Wednesday, February 27, 2008


I wrote, quite some months ago, about Relationship/Couple Counselling.
I remember reading (I think on Relate's website) that because most couples see therapy as a last resort, they can leave it almost too late, when everything becomes harder to fix.

At the same time, I also wrote:
Recently, a day or two ago, someone suggested to me that if our regular PST appointment still didn't become available this week, that I should go talk to someone myself. At the time, it did seem an almost silly idea. Now I'm not so sure.

I think that my first statement above applies just as much to individual counselling, too. All the signs were there. I had a chilling reminder of this less than a year ago, but again, I failed to act.

I was aware of the terrifying enormity of what I did to Quna from the moment I had done it, and I knew that it was something that I, and only I, could be responsible for.

I contacted my GP the next morning to discuss counselling, and am now on their waiting list. It sounds like the counsellor attached to the surgery has a long list, so I have also contacted one place that I have had suggested by my GP, and one that I found on BACP.

Some of the things I have seen inside me scare me.

My behaviour sometimes, not just to Quna, but to other friends too, has been abysmal, shocking, and downright childish.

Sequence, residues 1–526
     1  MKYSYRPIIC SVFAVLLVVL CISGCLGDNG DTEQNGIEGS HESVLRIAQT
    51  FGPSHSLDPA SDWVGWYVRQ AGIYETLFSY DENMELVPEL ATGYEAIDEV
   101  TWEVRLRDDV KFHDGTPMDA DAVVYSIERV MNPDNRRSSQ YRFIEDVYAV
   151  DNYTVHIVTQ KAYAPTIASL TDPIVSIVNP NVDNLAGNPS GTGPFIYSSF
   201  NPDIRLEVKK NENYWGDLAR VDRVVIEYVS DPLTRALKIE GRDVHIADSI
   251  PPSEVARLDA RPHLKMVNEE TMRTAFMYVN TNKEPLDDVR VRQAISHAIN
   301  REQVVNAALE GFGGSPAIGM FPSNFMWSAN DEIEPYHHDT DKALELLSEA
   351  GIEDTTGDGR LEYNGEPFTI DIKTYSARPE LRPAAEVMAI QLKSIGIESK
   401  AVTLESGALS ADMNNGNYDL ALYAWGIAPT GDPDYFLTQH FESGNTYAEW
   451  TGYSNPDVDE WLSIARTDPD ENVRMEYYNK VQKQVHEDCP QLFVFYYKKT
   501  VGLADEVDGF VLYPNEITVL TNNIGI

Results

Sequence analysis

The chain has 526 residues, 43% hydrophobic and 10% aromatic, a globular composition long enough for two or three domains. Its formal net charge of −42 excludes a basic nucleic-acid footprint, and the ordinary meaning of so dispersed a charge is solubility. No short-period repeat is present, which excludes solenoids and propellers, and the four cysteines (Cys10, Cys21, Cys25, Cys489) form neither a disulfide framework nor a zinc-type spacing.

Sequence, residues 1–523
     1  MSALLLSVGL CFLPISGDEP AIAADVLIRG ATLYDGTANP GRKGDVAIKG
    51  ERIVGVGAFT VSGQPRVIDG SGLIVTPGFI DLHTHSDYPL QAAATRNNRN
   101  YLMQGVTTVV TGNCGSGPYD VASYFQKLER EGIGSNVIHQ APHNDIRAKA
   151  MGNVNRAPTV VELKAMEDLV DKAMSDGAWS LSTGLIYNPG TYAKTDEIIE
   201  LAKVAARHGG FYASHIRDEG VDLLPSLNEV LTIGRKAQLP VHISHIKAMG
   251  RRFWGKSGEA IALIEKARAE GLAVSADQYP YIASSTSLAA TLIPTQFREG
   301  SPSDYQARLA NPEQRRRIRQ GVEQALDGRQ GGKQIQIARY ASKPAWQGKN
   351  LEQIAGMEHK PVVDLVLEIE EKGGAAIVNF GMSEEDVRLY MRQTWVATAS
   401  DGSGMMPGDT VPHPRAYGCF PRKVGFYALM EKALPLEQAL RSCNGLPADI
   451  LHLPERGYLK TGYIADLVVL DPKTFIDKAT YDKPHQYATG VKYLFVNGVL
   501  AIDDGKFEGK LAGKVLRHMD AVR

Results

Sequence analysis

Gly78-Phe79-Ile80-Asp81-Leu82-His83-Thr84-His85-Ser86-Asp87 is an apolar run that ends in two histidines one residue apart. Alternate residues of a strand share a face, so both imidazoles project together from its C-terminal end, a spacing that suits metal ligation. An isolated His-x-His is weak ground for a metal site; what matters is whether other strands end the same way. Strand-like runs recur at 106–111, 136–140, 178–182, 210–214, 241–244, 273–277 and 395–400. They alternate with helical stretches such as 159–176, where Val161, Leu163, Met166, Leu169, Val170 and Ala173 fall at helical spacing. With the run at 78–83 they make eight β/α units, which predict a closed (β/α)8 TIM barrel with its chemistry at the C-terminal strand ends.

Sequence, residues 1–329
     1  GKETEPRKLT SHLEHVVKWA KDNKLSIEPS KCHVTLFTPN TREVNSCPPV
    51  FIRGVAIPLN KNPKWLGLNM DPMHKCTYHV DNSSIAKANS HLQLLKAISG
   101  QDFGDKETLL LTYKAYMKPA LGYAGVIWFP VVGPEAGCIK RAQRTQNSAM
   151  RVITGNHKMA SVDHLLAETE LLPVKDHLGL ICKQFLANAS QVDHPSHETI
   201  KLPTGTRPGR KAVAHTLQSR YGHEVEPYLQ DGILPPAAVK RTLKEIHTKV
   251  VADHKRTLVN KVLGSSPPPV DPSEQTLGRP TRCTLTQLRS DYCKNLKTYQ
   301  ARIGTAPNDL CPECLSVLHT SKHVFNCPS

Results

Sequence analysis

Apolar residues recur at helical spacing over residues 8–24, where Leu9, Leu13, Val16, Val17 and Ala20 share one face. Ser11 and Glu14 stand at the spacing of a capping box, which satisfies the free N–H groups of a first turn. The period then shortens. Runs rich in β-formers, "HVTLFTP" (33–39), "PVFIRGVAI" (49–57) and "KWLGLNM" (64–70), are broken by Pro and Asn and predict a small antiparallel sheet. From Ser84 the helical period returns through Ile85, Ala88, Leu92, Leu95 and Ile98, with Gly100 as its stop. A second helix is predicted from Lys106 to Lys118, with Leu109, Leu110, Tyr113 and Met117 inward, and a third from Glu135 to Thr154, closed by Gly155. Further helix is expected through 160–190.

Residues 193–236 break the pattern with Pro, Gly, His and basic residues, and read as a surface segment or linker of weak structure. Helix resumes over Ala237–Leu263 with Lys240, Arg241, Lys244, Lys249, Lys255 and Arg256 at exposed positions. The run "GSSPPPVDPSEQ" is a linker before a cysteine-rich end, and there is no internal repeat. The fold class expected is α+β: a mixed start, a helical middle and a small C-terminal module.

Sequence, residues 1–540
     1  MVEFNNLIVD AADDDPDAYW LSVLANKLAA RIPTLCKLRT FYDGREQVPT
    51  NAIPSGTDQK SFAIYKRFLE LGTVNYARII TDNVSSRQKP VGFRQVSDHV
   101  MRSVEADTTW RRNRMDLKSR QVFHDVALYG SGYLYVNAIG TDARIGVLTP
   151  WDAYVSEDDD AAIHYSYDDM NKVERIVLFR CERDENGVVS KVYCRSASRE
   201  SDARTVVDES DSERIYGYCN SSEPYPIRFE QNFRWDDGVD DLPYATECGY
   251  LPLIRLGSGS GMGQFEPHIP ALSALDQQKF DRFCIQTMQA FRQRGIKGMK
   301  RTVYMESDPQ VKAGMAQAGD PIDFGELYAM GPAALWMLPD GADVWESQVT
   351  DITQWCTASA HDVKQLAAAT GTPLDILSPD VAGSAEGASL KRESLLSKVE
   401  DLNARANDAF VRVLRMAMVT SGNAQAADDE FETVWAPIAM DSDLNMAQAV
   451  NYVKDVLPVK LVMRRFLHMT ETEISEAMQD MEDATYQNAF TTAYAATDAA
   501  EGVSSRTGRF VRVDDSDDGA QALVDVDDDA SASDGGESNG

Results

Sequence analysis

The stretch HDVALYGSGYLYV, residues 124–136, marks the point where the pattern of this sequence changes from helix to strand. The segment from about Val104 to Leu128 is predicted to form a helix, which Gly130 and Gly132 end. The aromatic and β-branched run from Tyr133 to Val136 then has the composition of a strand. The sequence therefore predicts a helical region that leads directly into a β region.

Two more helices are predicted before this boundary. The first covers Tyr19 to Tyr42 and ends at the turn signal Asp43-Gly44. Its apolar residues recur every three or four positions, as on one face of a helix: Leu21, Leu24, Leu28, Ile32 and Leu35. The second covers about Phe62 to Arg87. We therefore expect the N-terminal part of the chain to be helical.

None of this is up for debate.

If you, reading this, are someone that I care about and I have ever hurt you, than I am sincerely sorry.

I have a lot to learn, and a lot to unlearn.

Friday, February 22, 2008

Lessons from Icarus

The ups were dizzying. They were beautiful and incredible; we soared through the sky together, and when we looked down, we could no longer see the ground.

We encouraged each other to be all we could be, and we grew together and in ourselves.

The downs, too, were dizzying. They were terrifying and scary; they dragged us down with fear, and when we looked up, we could not see the sky.

We both became people that were not ourselves, and it was horrifying.

We love each other, but this is self-destructive.

I shall not mourn the loss of the dizzying downs.

I shall greatly mourn the loss of all the beautiful, beautiful things that we experienced together.

We have to take two steps apart to lose those extremities, and see what we have left as friends.

It is intensely difficult to look at someone you love, to feel the memory of the past highs, the hopes of those future, and to feel that you are sacrificing all of that glorious beauty. But this is not a sacrifice. It is a preservation. It is a preservation of something so beautiful, we could not bear to see it be destroyed.